Anderson has the ability to make Groves fight when Groves wants to run. If Anderson fights at a fast pace and keeps his work rate high, he could bring Groves right out of his comfort zone. Anderson knows he can close Groves down and hurt him, he will be going into this fight very confident of an upset.
There are several boxing pundits picking Anderson for this one, citing the Norton-Ali syndrome (this isn’t a documented syndrome I just made it up). I have no doubt that Anderson will come at Groves with even more than he did in first fight. More pressure, higher workrate and more sustained attacks. I do see Groves coping with it much better.
I do expect Groves to go through some rough patches and lose a few rounds here and there, but I am picking Groves to win this on points or late stoppage.
VIKTOR POLYAKOV READY FOR WAR AGAINST DERRICK FINDLEY!!
CHICAGO, IL (March 8, 2012) Undefeated Ukrainian warrior Viktor “The White Tiger” Polyakov pronounced himself “ready for war” next Friday night, March 16th as he hits the ring for a middleweight battle against Derrick "Superman” Findley.
Scheduled for ten rounds, the Polyakov/Findley bout will be contested for the USBO Middleweight Title in the co-main event at Windy City Fight Night 22 presented by Dominic Pesoli’s 8 Count Productions, HOME OF THE BEST IN CHICAGO BOXING.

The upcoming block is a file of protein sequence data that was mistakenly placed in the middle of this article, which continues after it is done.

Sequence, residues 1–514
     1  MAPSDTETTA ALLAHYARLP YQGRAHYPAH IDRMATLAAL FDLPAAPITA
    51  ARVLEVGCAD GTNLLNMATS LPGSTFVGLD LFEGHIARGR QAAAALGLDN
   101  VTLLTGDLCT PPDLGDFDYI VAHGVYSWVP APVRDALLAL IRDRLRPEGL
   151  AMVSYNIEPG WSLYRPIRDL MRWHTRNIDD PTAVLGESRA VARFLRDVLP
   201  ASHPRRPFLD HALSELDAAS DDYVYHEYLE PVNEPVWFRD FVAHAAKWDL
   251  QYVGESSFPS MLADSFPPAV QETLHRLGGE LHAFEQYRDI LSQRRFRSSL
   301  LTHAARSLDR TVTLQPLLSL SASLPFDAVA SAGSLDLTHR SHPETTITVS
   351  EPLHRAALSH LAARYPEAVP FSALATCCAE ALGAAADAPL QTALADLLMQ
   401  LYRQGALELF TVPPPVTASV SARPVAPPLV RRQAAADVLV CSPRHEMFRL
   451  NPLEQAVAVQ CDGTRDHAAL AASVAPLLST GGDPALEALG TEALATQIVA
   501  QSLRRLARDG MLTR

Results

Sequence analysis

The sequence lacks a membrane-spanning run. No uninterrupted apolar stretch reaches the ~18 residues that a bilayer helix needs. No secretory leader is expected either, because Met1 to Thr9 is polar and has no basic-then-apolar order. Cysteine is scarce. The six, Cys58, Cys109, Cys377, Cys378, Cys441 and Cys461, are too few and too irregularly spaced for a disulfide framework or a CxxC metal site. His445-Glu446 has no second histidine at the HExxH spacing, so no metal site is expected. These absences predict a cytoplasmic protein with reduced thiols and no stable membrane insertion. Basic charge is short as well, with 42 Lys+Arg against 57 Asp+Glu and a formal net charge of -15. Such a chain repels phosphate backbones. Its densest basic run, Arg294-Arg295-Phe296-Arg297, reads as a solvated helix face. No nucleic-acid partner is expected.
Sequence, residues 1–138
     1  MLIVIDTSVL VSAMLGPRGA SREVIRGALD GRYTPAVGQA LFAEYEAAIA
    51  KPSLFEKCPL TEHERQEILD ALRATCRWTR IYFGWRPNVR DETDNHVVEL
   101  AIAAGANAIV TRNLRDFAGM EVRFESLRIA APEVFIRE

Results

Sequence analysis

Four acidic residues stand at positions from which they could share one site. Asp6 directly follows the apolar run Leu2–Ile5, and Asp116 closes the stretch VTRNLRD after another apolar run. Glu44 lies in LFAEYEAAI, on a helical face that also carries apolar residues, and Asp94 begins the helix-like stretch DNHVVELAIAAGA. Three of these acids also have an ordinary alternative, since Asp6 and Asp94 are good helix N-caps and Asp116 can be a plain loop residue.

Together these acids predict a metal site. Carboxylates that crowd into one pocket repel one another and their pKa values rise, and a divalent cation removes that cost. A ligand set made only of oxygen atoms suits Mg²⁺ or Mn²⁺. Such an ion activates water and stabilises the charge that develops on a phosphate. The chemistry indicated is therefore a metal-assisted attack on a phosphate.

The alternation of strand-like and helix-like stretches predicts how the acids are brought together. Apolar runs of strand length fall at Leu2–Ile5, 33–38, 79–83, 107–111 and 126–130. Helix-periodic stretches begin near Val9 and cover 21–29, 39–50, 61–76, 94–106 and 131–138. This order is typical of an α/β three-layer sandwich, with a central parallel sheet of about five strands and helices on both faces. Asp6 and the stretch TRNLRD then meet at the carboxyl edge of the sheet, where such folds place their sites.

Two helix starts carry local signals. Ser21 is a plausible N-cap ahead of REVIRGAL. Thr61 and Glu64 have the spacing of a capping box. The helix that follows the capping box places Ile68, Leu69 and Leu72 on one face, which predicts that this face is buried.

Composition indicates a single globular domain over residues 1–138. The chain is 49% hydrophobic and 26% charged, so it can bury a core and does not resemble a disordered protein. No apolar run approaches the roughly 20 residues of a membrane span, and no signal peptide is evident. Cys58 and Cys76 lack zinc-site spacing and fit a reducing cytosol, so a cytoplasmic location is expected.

The main event at Windy City Fight Night 22 brings the return of Chicago’s Polish Prince, Andrzej Fonfara in a ten round tilt against former two-time world champion Byron “Gator” Mitchell for the USBO Light Heavyweight Title.
Sporting a record of 10-0-0 with six knockouts, Polyakov has made a triumphant return to action recently after a three-year absence. Fighting on December 16th, Polyakov put on a career best performance; shutting out the fellow unbeaten Chicago based prospect Foster Nkodu.
The Perm, Russia native and member of the Ukrainian 2004 Summer Olympic Team is thrilled to be facing Findley in his first scheduled ten rounder.
“I know Findley pretty well, having seen him fight a few times. But I’m confident of victory on March 16th, whether by knockout or decision. At first it was a scheduled six rounder but with it being for the USBO title, I’ve amped up my training for the fight” said Polyakov. “I’ve had very intense sparring sessions the last few weeks against Donovan George, Henry Coyle and Andrzej Fonfara.
Said Pesoli, “Viktor is a terrific middleweight prospect. In the time away from the ring, he’s truly become a much more skilled boxer. He can still brawl when necessary but he’s much more of complete fighter now.”
“However he’s in the ring against a real warrior. I’ve seen Findley fight numerous times, we’ve had him on 8 Count shows so our fans are very familiar with him. He’s looking to get back in the win column and a win over Viktor would really jump start his career.”